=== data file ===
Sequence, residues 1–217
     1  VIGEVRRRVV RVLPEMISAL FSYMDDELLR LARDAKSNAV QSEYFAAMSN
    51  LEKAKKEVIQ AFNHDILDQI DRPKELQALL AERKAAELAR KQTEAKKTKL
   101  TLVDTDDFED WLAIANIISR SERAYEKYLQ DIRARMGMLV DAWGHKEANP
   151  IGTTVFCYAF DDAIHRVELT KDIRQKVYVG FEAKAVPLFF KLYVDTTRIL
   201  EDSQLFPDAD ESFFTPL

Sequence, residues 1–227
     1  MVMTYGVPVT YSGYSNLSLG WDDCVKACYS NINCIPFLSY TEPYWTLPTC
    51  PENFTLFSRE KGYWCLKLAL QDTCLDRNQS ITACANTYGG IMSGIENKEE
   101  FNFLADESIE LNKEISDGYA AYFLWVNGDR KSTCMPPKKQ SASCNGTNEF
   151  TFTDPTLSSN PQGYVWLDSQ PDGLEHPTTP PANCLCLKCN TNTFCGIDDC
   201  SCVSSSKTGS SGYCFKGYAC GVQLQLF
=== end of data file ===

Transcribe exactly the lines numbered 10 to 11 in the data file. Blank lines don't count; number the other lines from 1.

   101  FNFLADESIE LNKEISDGYA AYFLWVNGDR KSTCMPPKKQ SASCNGTNEF
   151  TFTDPTLSSN PQGYVWLDSQ PDGLEHPTTP PANCLCLKCN TNTFCGIDDC